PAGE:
The couple purchased land on Lemoine Avenue in 1911 and a year later celebrated the completion of a $100,000 state-of-the-art studio. Designed for maximum efficiency and productivity, the brick and steel structure was four stories tall, with a film studio large enough to accommodate five stage settings at a time. Glass roof panels let natural sunlight in for more intimate outdoor scenes, while a large outdoor lot was landscaped for larger group settings.

At the studio, Guy wrote, directed and produced over 700 films, often giving camera operators and technicians step by step instructions on how to achieve the effects she sought. To calm the nerves of stage-trained actors during their early experiences before a motion picture camera, she reminded them to "be natural," even posting a sign with those words above the studio stage.

Guy herself attracted industry attention for her achievements. One trade publication described her as "the presiding genius of the Solax Company... a remarkable personality, combining a true artistic temperament with executive ability and business acumen." Today, film scholars credit her with being the first to use film to address topics including immigration, relationships and homosexuality.

While her impact was profound, Guy was effectively out of the film business by the early 1920s. Illness kept her from working for several years after 1918, during which the Solax studios were rented to other production companies. She and Herbert divorced in 1922, diminshing her influence in an industry which was becoming increasingly more and more bureaucratic and focused on commercial success.

The studios themselves were making the transition from the East Coast to the sunnier, more temperate climes of Southern California, but Guy chose to return to France with her two children to cast her fortunes there. Still recovering from the devastation of World War I, her native country was anything but a fertile environment in which to rebuild a film career, and Guy settled for a career novelizing film scripts and delivering lectures. Long overlooked for her achievements, it wasn't until 1953 that she received official French recognition with the Legion of Honor. Even her former employer, Leon Gaument, neglected to mention her contributions to his business in his own memoirs.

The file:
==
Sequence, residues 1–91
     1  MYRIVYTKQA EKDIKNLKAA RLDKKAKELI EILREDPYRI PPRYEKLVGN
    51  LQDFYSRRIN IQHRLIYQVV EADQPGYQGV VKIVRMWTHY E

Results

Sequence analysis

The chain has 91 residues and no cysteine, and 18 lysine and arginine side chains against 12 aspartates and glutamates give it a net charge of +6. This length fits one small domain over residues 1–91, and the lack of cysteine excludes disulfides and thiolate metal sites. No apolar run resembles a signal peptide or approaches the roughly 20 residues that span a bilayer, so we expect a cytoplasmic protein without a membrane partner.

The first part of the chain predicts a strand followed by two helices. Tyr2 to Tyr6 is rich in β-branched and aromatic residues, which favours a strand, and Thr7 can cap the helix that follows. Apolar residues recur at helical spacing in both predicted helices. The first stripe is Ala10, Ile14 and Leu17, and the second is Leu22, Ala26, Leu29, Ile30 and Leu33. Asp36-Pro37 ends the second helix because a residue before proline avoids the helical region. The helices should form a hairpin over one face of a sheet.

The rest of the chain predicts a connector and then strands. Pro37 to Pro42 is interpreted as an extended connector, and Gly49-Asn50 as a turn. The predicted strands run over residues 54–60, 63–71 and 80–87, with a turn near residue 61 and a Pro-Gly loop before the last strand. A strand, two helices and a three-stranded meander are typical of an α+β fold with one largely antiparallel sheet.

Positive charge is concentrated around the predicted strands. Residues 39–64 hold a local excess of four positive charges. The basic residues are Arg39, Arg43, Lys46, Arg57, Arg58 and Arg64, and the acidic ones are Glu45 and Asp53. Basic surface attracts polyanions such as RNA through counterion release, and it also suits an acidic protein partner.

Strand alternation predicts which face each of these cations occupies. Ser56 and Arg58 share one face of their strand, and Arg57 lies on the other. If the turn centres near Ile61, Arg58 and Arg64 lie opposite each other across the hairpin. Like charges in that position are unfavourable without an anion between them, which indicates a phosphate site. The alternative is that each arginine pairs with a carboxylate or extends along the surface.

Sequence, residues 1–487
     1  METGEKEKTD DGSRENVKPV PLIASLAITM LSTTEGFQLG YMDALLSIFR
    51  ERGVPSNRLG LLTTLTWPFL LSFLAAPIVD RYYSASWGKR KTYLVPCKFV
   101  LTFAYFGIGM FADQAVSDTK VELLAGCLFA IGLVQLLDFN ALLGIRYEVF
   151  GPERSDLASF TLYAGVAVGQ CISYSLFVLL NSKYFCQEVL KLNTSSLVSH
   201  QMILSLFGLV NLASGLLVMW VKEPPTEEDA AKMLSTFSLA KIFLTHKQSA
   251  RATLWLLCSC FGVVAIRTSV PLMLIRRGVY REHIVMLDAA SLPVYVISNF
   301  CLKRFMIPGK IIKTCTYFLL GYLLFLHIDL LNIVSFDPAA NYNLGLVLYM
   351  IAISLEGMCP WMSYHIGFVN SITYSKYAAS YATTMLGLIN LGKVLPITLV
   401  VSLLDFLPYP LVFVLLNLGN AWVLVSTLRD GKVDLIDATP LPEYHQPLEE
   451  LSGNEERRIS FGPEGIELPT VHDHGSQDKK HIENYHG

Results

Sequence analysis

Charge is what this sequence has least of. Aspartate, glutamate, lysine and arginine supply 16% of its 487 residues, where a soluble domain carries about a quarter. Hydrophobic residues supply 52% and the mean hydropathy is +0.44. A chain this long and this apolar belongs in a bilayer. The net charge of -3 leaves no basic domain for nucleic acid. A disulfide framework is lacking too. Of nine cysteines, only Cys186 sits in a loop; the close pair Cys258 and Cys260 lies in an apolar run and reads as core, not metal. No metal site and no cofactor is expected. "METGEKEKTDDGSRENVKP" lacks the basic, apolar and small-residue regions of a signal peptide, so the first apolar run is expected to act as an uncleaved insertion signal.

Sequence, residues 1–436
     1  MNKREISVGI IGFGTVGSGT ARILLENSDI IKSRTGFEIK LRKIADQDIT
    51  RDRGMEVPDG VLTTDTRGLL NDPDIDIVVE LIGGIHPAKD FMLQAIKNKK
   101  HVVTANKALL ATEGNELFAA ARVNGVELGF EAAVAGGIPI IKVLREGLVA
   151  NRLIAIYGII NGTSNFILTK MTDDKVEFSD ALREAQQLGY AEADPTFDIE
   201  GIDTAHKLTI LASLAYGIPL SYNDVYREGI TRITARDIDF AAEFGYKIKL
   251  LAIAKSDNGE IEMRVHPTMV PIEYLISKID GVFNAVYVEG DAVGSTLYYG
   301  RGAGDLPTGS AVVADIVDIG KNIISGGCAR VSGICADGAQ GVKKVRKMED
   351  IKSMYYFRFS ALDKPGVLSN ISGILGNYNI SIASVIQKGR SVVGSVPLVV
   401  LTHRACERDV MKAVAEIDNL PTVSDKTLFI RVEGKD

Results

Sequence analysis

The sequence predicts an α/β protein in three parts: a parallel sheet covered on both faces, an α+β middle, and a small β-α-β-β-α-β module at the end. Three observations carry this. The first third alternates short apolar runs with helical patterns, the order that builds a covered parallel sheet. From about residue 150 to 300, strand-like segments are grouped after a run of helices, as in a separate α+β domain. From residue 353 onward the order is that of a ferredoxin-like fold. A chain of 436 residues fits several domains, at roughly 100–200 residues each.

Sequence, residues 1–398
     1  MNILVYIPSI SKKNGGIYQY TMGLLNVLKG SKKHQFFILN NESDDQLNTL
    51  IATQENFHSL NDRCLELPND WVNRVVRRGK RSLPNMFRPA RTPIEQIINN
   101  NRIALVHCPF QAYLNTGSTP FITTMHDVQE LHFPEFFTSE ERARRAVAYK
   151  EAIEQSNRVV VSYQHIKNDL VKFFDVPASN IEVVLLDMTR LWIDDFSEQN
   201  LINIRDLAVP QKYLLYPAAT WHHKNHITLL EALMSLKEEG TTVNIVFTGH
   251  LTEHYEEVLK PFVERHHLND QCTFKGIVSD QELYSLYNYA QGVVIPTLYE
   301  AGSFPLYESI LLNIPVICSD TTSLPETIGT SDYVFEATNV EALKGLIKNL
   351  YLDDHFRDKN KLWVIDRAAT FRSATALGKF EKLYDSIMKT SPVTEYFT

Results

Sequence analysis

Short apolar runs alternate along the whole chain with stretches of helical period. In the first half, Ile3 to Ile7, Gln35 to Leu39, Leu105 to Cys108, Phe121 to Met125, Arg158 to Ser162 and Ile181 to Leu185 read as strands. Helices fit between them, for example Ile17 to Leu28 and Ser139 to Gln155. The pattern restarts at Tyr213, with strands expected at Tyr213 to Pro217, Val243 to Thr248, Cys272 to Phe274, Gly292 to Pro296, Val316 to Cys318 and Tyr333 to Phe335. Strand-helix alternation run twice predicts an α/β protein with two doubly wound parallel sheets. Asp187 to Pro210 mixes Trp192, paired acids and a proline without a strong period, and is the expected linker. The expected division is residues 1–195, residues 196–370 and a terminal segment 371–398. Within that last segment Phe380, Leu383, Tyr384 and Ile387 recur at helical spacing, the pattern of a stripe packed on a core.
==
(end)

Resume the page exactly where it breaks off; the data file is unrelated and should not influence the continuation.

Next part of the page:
Alice Guy returned to New Jersey in 1964 to be closer to her children, who'd returned to the United States in adulthood. Nearly 95 years old at her death in 1968, she's buried at Maryrest Cemetery in Mahwah. Thanks to the Fort Lee Film Commission, her gravestone now credits her as a film pioneer. The Solax studio building is long gone, with an A&P supermarket now standing in its place, but an informative historic marker invites shoppers to consider the history that was made where they now shop for produce and canned goods.

Thursday, September 12, 2013

Finding the forgotten: the Sussex County welfare cemetery

It couldn't have been any more poetic. As we drove through Frankford to our recent speaking engagement at the Sussex County Library, we found hidden history we didn't expect. Across County Road 655 and a few hundred feet up was a wooden gate with a large sign that denoted the Sussex County Welfare Home Cemetery. A field just beyond was hilly and covered mostly in tall grass, though one section appeared to be a bit better kept.

Having already stumbled on the largely unmarked Warren County poorhouse cemetery, we were glad to see that at the very least, Sussex had seen fit to make the presence of its potters field clear to passers-by. Also unlike its counterpart in Pequest, this graveyard was in proximity to the almshouse where the buried once lived. The large old white building has been converted to government offices, but those familiar with poorhouse architecture can easily determine its previous use.

Finding grave markers in the Sussex cemetery was as difficult as it was in Pequest, but for another reason. Rather than laying stones with name and date of death atop the surface above each grave, the Sussex authorities used simple numbered stone stakes. Perhaps it was less expensive that way -- markers could be ordered in bulk and engraving costs were much lower than they would have been had the names been inscribed. Or maybe it just didn't occur to management that someone might someday want to pay respects to a loved one. Traditionally, people end up in almshouses because they have no other options, no loved ones or friends to turn to, or perhaps they've alienated everyone who can help them. Many Sussex Alms House residents were probably as forgotten in life as they are now, in death.